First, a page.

Frontier are the only carrier that allows passengers to tip flight attendants.
Portland Press Herald—Press Herald via Getty Images
By George Steer
January 10, 2019

Frontier Airlines new policy on tipping flight attendants is drawing criticism from the union the represents them – fearful the budget carrier’s practice is an attempt to keep wages low and will encourage passengers to treat the cabin crew like in-flight waiters.

The Denver-based airline has been allowing its flight attendants to ask for tips for three years, but until Jan. 1, all the money collected was pooled. Frontier is the only U.S. carrier that gives passengers the option to tip, but the Association of Flight Attendants (AFA), which represents 50,000 employees at 20 airlines, is not happy with the policy.

“Flight Attendants are certified for our safety, health, and security work. Safety is not variable and therefore base compensation for a safety job cannot be variable,” AFA President Sara Nelson said in a statement to the press.

What the flight attendants union really wants is better pay. The union believes Frontier’s new tipping rules were designed to undermine the collective bargaining power as members push for changes to their contracts. Frontier flight attendants have been engaged in a lengthy battle for higher pay, and have picketed at Frontier hub airports in recent months.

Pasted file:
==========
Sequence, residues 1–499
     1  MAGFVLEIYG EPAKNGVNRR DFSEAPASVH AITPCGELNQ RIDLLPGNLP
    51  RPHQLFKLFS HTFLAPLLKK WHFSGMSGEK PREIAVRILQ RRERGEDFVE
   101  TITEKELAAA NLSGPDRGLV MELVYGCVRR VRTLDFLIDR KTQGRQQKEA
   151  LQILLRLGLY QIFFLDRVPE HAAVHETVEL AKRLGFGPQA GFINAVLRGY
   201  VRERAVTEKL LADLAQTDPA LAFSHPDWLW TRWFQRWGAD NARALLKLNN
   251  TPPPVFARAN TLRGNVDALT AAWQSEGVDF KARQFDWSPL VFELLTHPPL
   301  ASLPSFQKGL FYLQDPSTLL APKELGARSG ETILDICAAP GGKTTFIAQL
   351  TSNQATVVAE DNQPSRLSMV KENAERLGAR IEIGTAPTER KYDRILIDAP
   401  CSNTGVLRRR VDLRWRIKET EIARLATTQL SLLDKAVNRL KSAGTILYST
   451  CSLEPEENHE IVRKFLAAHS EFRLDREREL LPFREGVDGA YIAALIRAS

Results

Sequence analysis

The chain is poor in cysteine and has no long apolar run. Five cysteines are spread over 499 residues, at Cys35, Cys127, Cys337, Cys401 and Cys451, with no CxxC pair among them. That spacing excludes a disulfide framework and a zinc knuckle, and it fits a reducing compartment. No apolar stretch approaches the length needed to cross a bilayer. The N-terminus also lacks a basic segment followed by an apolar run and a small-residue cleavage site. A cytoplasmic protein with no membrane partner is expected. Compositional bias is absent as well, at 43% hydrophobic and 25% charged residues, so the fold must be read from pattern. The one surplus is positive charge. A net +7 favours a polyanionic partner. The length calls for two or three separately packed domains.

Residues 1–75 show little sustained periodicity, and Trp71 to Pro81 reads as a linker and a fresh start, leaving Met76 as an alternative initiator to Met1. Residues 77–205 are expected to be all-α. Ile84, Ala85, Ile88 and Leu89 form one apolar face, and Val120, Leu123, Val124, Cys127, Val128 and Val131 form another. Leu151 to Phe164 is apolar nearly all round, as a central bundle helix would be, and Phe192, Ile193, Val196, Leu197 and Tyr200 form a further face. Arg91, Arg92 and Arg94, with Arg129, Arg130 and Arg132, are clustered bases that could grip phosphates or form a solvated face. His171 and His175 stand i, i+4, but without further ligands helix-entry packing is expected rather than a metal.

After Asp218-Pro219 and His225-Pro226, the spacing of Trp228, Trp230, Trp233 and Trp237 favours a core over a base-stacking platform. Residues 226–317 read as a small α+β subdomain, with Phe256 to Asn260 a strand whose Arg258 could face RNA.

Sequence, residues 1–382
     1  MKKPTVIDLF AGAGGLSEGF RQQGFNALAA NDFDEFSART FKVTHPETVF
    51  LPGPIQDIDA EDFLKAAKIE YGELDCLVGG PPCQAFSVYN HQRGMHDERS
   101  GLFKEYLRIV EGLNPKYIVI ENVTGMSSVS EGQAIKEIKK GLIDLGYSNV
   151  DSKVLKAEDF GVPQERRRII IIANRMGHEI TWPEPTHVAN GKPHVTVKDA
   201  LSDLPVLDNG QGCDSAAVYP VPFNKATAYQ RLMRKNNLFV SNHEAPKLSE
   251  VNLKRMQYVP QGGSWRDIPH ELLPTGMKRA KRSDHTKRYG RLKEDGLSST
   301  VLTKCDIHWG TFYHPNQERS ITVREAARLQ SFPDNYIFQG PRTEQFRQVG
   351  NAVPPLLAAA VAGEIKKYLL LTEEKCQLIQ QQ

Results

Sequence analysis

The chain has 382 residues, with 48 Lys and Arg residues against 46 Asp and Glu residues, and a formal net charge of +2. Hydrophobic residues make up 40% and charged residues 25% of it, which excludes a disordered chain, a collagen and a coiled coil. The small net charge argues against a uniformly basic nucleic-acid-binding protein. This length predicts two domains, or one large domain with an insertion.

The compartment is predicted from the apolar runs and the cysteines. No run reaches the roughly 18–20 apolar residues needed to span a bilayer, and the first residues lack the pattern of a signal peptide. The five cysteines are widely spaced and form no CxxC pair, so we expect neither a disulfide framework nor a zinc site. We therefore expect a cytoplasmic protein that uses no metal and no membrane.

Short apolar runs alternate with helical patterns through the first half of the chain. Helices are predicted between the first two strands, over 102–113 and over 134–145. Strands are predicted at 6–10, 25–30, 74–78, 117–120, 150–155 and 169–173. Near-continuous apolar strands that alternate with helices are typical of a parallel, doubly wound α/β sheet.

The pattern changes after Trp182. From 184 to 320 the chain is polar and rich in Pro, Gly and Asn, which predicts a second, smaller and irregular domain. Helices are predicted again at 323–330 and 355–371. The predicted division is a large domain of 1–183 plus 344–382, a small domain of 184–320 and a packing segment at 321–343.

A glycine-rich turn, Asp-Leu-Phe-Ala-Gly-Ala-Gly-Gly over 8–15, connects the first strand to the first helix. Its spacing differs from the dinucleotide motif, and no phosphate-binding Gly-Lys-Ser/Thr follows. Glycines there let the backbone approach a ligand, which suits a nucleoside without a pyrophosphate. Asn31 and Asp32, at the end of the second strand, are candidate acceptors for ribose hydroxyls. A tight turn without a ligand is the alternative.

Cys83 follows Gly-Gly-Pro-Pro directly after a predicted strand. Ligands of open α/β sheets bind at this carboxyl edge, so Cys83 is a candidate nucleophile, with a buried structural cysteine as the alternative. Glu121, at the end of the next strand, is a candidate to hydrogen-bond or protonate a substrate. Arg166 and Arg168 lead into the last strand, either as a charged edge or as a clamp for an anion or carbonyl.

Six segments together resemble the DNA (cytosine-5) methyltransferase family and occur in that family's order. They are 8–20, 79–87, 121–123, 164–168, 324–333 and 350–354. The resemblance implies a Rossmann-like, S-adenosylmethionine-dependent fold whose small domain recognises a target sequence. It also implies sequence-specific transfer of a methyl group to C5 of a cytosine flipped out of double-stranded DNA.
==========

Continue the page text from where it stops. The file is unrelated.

“Over AFA objections when the function went onboard nearly three years ago, Management moved forward with a tipping option for passengers it hoped would dissuade Flight Attendants from standing together for a fair contract – and in an effort to shift additional costs to passengers. The tactic failed as Flight Attendants recently voted 99% to authorize a strike and back up AFA contract demands,” Nelson said.

“Regardless of the tip issue, Frontier Airlines needs to step up and pay aviation’s first responders a wage that recognizes their critical safety role onboard,” she continued.

Jonathan Freed, a Frontier spokesperson, told the Chicago Tribune the changes to its tipping policy were in the flight attendant’s interests: “We appreciate the great work of our flight attendants and know that our customers do as well, so [the payment system] gives passengers the option to tip,” he said.

Contact us at editors@time.com.

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